There is no typical landlord. Some landlords do as much as possible to help their tenants whilst others offer a less than perfect service. To address this, the University has a set of Core Requirements for private sector landlords.
Copies are available from the Student Accommodation Service.
The purpose of the Core Requirements is to encourage landlords to conduct their business in a professional manner and to carry out repairs promptly. The criteria have been chosen to reflect common sense obligations and responsibilities and to set standards which are achievable.
Landlords who register with the University must sign to agree that they are willing to abide by these requirements.
The key to effective house hunting is to get organised before you start. Ask yourself::
In addition to the rent which will be payable monthly, termly or for the whole academic year in advance, you are likely to have to pay a damage deposit, gas and electricity bills (if not included in the rent). Depending on your contract you may have to pay water rates and, if you reach an agreement early in the year, a summer retainer.
They say you only get to know someone once you start living with them! Decide how many people you want to share with and try to choose your future housemates carefully. You shouldn’t rush into this, especially if you are a first year student and have only been here a few weeks. There is plenty of accommodation and plenty of time to make sure you are really happy with your chosen flat/house mates before you start your accommodation search. Once you have signed a tenancy agreement, it is usually too late to change your mind!
Most rented accommodation is within a one mile radius of the campus and within easy walking distance. If you own a car you should check whether parking is permitted outside, or near to, the accommodation. Please note, all registered accommodation is within walking distance of the Campus and the University discourages the use of cars in accordance with the Sustainable Travel Strategy. Please see our sustainable travel page.
When you do start looking for accommodation, give yourself plenty of time. There is a good supply of furnished private University registered accommodation but choices are inevitably more limited by late summer. Some landlords will not be able to meet you on the day you call. Try to make appointments during daylight so that you can take a good look at the internal and external environments. Make sure all the people you intend to share with have a chance to view the property.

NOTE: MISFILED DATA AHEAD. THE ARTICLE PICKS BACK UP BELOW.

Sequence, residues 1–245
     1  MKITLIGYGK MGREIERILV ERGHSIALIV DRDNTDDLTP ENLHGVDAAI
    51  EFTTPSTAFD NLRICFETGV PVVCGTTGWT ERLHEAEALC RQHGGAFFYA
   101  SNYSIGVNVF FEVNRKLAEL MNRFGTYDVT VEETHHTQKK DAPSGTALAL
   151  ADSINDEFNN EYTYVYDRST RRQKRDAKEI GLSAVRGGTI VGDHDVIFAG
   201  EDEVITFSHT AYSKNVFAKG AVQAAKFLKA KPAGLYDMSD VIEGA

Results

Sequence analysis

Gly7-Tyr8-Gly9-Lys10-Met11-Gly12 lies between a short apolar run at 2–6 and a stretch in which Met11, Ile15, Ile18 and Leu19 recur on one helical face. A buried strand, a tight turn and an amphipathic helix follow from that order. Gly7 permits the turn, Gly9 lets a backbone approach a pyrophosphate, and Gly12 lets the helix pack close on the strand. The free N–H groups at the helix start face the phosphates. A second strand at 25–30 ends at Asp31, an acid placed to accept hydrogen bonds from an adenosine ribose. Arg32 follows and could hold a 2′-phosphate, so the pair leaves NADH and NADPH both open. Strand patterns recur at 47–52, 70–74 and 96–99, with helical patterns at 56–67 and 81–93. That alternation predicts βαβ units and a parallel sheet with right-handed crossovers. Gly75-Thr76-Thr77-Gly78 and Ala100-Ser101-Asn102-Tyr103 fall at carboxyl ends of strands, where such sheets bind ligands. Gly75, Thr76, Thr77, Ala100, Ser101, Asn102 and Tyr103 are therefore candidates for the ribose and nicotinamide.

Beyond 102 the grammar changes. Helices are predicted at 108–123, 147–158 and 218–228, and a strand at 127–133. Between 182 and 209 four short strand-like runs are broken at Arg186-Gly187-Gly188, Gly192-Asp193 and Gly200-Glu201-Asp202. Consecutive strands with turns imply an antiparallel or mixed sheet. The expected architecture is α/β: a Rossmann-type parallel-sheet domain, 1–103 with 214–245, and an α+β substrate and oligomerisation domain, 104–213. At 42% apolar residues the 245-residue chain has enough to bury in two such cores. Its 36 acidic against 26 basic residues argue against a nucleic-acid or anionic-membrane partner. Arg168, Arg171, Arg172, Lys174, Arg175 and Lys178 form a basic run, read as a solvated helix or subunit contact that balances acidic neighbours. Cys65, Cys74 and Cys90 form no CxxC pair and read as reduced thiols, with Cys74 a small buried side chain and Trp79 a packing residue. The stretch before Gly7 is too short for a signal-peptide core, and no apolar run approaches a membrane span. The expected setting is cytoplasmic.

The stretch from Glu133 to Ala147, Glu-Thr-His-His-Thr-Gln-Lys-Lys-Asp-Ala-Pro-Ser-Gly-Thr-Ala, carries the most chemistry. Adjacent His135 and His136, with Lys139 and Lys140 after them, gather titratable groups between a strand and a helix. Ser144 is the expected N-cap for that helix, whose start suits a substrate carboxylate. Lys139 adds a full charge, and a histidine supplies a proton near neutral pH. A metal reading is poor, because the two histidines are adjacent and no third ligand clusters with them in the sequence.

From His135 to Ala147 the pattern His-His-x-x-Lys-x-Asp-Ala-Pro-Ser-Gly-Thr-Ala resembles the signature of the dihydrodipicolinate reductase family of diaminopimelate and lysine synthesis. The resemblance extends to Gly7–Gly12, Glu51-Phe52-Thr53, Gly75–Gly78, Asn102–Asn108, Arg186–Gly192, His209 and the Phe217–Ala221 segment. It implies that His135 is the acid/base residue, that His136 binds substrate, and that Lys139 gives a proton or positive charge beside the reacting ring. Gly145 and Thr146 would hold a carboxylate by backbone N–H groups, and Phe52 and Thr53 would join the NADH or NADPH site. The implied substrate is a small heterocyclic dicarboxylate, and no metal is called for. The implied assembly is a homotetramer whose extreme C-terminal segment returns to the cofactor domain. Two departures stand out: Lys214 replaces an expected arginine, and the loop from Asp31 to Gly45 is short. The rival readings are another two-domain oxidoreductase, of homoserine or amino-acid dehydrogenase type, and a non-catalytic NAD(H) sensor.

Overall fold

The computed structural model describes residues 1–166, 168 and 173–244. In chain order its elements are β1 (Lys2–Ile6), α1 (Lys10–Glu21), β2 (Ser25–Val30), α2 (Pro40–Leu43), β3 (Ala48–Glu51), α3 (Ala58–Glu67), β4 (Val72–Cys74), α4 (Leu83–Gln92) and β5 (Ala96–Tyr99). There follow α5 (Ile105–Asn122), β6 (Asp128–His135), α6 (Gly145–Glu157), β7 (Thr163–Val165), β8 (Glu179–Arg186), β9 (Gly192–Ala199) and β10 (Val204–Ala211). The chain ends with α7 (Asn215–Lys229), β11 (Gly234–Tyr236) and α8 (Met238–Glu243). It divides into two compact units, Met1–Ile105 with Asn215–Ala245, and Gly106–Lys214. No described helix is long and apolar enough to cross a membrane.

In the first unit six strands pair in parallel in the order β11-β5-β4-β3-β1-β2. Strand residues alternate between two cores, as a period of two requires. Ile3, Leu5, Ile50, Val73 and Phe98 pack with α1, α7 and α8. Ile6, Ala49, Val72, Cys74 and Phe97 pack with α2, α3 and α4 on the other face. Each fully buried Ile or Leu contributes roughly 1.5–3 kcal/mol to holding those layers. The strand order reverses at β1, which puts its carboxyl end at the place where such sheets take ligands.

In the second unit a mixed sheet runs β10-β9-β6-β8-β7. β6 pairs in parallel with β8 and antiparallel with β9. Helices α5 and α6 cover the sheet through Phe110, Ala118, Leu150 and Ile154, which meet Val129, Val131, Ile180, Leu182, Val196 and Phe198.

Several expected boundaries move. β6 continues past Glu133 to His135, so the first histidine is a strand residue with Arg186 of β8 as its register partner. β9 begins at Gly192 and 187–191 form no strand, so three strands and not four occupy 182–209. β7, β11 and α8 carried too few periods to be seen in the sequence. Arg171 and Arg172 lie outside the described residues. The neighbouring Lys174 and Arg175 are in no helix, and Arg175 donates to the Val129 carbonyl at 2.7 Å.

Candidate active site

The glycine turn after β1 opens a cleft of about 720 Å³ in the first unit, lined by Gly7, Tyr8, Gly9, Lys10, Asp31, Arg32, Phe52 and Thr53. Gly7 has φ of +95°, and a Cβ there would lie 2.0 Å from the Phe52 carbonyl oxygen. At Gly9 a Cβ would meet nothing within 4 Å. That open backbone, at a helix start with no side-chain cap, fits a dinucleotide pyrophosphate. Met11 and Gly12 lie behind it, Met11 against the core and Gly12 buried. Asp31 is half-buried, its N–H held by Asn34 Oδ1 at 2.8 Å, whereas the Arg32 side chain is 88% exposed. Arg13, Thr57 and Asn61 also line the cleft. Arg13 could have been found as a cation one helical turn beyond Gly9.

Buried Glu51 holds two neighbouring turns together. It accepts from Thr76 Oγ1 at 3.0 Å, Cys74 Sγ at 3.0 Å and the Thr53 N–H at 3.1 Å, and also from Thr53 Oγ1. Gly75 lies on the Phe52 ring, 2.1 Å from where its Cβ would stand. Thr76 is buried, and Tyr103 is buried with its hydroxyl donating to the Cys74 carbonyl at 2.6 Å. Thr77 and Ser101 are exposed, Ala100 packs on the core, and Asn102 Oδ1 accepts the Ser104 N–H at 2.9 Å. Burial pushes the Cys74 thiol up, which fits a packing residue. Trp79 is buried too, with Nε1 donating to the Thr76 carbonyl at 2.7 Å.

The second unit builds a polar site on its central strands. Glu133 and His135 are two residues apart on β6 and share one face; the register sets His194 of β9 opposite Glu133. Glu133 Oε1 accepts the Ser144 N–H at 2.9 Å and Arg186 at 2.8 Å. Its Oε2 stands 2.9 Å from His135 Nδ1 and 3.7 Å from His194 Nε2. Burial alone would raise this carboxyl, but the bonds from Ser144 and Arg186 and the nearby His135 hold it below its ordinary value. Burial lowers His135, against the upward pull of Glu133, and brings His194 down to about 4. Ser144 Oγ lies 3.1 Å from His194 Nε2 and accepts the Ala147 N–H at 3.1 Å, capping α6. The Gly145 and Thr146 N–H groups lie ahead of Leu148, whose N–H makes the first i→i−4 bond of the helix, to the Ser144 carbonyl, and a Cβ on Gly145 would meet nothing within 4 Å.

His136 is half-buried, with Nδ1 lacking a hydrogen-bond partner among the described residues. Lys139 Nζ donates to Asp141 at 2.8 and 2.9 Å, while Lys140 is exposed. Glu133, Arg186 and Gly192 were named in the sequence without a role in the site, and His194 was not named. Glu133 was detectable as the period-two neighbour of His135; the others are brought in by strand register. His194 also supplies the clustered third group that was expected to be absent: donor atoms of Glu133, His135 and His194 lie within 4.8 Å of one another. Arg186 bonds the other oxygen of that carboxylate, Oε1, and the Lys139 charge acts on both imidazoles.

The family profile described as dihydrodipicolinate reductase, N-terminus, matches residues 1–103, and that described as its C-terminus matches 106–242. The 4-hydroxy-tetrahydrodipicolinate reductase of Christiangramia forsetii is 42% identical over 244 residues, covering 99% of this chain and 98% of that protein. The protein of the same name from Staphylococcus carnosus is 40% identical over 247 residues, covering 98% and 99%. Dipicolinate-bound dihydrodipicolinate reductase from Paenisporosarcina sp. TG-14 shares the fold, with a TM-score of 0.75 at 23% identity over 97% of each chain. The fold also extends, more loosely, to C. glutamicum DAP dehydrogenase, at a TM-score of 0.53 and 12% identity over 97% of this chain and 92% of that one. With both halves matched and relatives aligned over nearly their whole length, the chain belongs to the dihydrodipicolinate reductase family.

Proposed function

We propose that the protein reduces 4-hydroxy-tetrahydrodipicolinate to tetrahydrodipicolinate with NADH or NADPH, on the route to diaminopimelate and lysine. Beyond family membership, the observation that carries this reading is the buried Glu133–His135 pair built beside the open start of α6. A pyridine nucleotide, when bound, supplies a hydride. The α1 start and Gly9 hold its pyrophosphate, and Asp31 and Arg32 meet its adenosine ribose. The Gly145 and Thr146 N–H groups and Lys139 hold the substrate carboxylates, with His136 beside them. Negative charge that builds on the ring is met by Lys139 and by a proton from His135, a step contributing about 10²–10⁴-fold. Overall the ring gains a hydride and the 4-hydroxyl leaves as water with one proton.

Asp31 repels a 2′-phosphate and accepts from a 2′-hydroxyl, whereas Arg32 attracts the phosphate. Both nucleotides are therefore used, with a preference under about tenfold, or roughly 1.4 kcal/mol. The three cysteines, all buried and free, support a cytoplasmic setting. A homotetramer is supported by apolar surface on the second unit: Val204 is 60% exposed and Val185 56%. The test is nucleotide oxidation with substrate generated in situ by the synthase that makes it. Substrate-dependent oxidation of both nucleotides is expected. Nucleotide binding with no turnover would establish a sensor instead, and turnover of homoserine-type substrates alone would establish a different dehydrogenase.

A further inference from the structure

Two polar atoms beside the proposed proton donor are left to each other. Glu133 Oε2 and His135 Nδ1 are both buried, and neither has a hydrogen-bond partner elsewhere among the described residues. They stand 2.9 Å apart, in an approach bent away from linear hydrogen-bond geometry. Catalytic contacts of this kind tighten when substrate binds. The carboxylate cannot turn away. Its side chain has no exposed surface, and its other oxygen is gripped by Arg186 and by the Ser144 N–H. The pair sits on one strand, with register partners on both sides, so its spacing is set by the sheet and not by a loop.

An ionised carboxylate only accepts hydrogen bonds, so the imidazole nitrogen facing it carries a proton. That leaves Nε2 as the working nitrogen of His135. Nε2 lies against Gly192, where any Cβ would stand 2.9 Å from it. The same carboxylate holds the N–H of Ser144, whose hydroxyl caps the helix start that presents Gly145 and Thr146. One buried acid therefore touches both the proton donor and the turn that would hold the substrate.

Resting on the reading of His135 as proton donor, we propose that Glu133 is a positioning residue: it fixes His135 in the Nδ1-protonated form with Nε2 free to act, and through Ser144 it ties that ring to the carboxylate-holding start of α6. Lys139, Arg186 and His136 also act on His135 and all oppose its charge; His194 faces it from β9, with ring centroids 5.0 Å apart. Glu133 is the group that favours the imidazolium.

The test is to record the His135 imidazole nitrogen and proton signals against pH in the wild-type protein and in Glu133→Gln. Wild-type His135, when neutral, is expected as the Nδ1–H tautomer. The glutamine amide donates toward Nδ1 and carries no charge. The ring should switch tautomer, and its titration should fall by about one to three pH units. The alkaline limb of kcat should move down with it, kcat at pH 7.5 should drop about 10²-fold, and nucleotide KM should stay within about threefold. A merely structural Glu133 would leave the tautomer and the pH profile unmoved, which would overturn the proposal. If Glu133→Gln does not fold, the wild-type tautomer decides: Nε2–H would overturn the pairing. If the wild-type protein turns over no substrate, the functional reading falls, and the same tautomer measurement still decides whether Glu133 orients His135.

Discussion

Do not be afraid to ask the landlord if you can take a copy of the contract away with you to read before signing. Make sure you understand all the terms and conditions. If anything is unclear, seek advice from the Student Accommodation Service. We will offer you as much help and advice as possible but you have to make the decision on whether a house is right. Let the landlord know whatever decision you reach as soon as possible as other students may be interested in the property. Above all, be patient. A lengthy checklist is provided within this guide to help you decide if the accommodation you are viewing is both safe and suitable. View a few properties so you get an idea of rent levels and standards of accommodation and never sign a contract without having made a thorough inspection. Do not take the first place you come across unless it meets all your requirements.
Current private registered accommodation vacancies are listed throughout the year on our searchable website called UclanStudentpad, which is linked to UCLan's accommodation website. Here you will be able to search for accommodation and post messages to other students, if, for example, you are looking for housemates. Most students due to enter their second, third and fourth years of study secure private accommodation some time during the spring or summer term, in preparation for their return to University the following September. Most landlords register their vacancies for next September on Studentpad from mid-December onwards The site is password protected and if you are a current, enrolled student you can contact us to obtain this. (email:firstname.lastname@example.org). New first year students will be given information about how to access the site at the appropriate time, when we have received their accommodation application forms and looked at their choices.
Private sector accommodation falls into two main categories:
This type of accommodation usually involves having your own bedroom but sharing the communal facilities with other tenants. Average rents for this type of accommodation are between £45 and £65 per week per person exclusive of gas and electricity bills. If bills are included your rent will inevitably be higher. Single bed-sits with your own kitchen area and communal bathroom are sometimes available. Contract lengths are normally between 37 and 43 weeks, but make sure you check because some are longer.
There are a number of these, of varying size, either in cluster flats or traditional halls arrangement. Some are en-suite, whereas others have communal bathrooms. Rents range from around £52 to £95 per week. Studios which are self- contained with a personal shower room and kitchen, are approximately £90 to £105 per week. Most, but not all include gas and electricity bills. Contract lengths are usually for 42-44 weeks, but you must check as each hall may differ.
In addition to rent, you should consider the following charges: